So, we heard it a lot last night during the Democratic climate change debates on CNN: wind and solar power.
It will be an uphill grind to say the least: in 2018, wind and solar generated a combined 9% of U.S. power, versus 63% for natural gas and coal.
Wind power, however, generates about three times more than solar does.
Let’s take a look at some wind and solar generation facts simply based on geography.
These numbers are taken from the U.S. Energy Information Administration’s Electric Power Monthly, February 2019, which has stats for the entire year of 2018.
This is mostly just an information piece but I will add a couple of things that pop out to me.
Nationally, wind generation grew 8% last year.
Much of the south, namely Virginia, Florida, Georgia, Alabama, Louisiana, Arkansas, Mississippi, Kentucky, and South Carolina, has no wind generation at all.
The Great Plains region of the country dominates for wind.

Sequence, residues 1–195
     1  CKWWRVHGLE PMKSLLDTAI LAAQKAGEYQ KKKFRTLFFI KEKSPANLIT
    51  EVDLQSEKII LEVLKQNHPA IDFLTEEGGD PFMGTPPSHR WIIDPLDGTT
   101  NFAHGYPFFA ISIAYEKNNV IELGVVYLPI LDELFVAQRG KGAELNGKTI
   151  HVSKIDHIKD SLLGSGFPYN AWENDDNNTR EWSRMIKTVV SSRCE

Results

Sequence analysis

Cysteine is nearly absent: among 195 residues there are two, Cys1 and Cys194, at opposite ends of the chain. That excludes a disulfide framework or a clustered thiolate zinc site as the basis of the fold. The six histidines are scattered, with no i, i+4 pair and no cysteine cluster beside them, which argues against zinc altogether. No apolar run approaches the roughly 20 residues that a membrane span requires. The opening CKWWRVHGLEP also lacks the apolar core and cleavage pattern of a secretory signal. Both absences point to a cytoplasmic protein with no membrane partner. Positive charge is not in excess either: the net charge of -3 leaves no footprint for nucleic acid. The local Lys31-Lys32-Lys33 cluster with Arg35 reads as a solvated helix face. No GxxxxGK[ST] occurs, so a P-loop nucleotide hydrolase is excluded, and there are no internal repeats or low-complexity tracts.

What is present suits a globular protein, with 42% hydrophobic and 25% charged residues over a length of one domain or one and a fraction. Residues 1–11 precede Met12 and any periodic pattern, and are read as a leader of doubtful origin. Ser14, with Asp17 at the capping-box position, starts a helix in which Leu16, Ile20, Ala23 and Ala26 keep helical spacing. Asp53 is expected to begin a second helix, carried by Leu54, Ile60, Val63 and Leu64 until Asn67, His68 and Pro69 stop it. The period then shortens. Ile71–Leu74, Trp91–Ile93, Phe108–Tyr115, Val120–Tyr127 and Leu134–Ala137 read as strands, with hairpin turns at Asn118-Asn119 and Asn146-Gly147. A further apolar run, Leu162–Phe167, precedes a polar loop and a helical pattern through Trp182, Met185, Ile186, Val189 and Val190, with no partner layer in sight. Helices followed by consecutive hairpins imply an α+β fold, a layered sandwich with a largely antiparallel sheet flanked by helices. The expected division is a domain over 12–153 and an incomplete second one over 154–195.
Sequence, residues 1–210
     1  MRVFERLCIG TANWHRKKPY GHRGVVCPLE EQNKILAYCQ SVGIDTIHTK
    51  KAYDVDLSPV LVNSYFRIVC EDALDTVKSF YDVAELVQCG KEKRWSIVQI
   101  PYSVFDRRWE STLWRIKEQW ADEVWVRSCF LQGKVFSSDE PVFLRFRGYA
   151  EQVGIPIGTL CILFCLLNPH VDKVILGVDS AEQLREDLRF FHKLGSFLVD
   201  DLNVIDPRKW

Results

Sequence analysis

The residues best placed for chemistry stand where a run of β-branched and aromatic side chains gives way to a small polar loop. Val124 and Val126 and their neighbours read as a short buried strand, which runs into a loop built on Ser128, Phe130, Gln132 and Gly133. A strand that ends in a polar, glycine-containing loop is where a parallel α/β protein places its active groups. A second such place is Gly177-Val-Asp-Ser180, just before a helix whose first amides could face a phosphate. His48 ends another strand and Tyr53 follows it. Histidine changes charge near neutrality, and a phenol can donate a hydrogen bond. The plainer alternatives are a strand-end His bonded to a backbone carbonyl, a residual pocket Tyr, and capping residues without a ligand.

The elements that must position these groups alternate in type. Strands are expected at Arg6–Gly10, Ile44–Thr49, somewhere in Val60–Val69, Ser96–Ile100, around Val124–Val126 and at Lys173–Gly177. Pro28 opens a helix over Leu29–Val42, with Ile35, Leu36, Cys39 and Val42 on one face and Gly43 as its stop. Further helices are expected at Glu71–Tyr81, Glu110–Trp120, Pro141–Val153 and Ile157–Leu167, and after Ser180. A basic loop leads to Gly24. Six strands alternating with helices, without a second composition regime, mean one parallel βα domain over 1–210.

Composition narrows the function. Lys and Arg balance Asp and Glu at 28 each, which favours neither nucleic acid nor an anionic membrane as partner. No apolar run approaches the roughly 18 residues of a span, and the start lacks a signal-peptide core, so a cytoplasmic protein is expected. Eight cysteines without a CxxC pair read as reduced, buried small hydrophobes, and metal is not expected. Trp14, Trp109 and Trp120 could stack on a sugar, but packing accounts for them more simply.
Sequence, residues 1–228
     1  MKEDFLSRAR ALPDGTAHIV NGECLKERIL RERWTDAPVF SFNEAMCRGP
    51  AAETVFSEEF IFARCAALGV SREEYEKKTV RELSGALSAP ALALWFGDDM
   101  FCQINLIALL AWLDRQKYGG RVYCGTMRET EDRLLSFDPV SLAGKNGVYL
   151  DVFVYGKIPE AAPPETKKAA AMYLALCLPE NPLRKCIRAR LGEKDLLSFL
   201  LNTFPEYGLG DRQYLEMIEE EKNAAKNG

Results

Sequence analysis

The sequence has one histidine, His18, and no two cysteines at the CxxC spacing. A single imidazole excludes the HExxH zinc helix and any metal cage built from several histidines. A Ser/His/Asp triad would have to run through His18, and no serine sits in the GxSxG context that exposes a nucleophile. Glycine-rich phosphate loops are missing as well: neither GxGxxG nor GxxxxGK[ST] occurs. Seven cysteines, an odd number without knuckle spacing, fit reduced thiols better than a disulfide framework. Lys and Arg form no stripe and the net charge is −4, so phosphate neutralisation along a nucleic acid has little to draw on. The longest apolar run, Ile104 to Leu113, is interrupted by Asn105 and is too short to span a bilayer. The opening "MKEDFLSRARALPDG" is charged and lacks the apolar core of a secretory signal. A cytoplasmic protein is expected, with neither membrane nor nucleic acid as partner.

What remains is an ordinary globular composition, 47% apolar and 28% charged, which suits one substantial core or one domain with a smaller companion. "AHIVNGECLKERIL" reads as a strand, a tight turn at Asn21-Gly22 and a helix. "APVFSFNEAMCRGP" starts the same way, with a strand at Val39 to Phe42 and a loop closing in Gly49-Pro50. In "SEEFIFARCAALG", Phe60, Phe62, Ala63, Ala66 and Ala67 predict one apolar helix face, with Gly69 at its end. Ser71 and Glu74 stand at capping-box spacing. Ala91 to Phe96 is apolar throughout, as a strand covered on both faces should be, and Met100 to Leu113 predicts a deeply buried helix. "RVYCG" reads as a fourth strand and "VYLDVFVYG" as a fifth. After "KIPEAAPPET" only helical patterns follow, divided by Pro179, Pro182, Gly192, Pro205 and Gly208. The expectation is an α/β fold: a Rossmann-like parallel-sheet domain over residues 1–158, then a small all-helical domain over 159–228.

Texas generates 28% of all U.S. wind power; Oklahoma is a distant second at 10%.
And Iowa gets 34% of its electricity from wind.
California is not the sunniest state but it still generates 41% of U.S. solar power.
A lack of solar power in sunnier Florida is noteworthy, at just 2.9 terawatt hours, or just 1% of total generation.
Even sunnier Arizona gets 6% of its power from solar.
Given their ambitious and very public rhetoric, New York and the New England states have the farthest to go since solar accounts for just 1% and 4% of all power, respectively.
Nationally, solar generation grew 25% last year.